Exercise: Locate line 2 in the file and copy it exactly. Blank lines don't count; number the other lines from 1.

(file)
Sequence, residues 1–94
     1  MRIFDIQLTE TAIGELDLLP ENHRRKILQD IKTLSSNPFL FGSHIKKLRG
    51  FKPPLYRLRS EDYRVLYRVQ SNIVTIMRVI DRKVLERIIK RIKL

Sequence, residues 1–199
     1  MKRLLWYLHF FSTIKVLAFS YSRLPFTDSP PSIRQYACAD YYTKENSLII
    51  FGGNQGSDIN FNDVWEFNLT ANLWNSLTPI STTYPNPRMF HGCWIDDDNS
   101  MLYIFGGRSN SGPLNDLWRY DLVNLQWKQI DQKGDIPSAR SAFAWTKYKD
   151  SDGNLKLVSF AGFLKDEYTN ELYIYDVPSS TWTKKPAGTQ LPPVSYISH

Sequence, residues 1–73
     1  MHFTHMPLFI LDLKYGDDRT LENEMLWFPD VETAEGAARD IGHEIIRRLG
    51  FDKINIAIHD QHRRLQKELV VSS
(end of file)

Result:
     1  MRIFDIQLTE TAIGELDLLP ENHRRKILQD IKTLSSNPFL FGSHIKKLRG